For all have sinned and fall short of the glory of God, and are justified by his grace as a gift, through the redemption that is in Christ Jesus, whom God put forward as a propitiation by his blood, to be received by faith. This was to show God’s righteousness, because in his divine forbearance he had passed over former sins. It was to show his righteousness at the present time, so that he might be just and the justifier of the one who has faith in Jesus. (Romans 3:23-26)
Propitiation is a very special and important word that describes a sacrifice that takes away sin and satisfies wrath. God has wrath and you can't solve that problem by pretending that He doesn't. Every time you break God's law by lying, stealing, sex outside of marriage, or even a lustful thought, or any other part of God's law - God cannot violate His demand for justice because He is good. Most people try to reassure themselves as they face eternity with the thought that God is good and loving. Yes God is good and loving - and that is exactly the problem. If God overlooks sin He stops being good and loving and becomes corrupt. So either we must burn in hell for all eternity to satisfy His wrath or a substitute must endure God's wrath in our place.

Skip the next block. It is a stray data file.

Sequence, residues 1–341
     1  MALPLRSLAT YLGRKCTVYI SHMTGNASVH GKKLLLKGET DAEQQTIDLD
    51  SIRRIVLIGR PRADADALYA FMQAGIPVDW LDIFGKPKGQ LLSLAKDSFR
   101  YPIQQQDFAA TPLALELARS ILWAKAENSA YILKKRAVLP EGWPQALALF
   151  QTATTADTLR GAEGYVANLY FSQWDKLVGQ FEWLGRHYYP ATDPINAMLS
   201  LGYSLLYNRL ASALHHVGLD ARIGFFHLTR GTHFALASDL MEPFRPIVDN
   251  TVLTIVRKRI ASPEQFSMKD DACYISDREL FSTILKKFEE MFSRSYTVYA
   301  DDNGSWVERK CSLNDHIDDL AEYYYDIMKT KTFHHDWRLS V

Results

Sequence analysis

Gandalf, it is true that we are saved by grace alone, through faith alone, in Christ alone. We are not saved by rightly understanding the correct view of the atonement. But it is also true that different views of the atonement impact greatly on our view of God. They impact greatly on how we view ourselves. They impact greatly on our view of Christ's life, death and resurrection. Hence it impacts greatly upon our response to the Gospel and whether we find true repentance. Ignorance of this is one thing, but conscious denial is another thing altogether. And to actively teach against penal substitution is a crime of epic proportions. Even, as in NT Wright's case, when it is a failure to acknowledge penal substitutionary atonement as the transcendent meaning of the cross. The doctrines of Christ as our example (Philippians 2:5-8), our compassionate intercessor (Hebrews 4:15-16), and our liberator (Hebrews 2:14-18) are only made possible through the satisfaction of God's wrath - that God can be both "just and the justifier of the one who has faith in Jesus".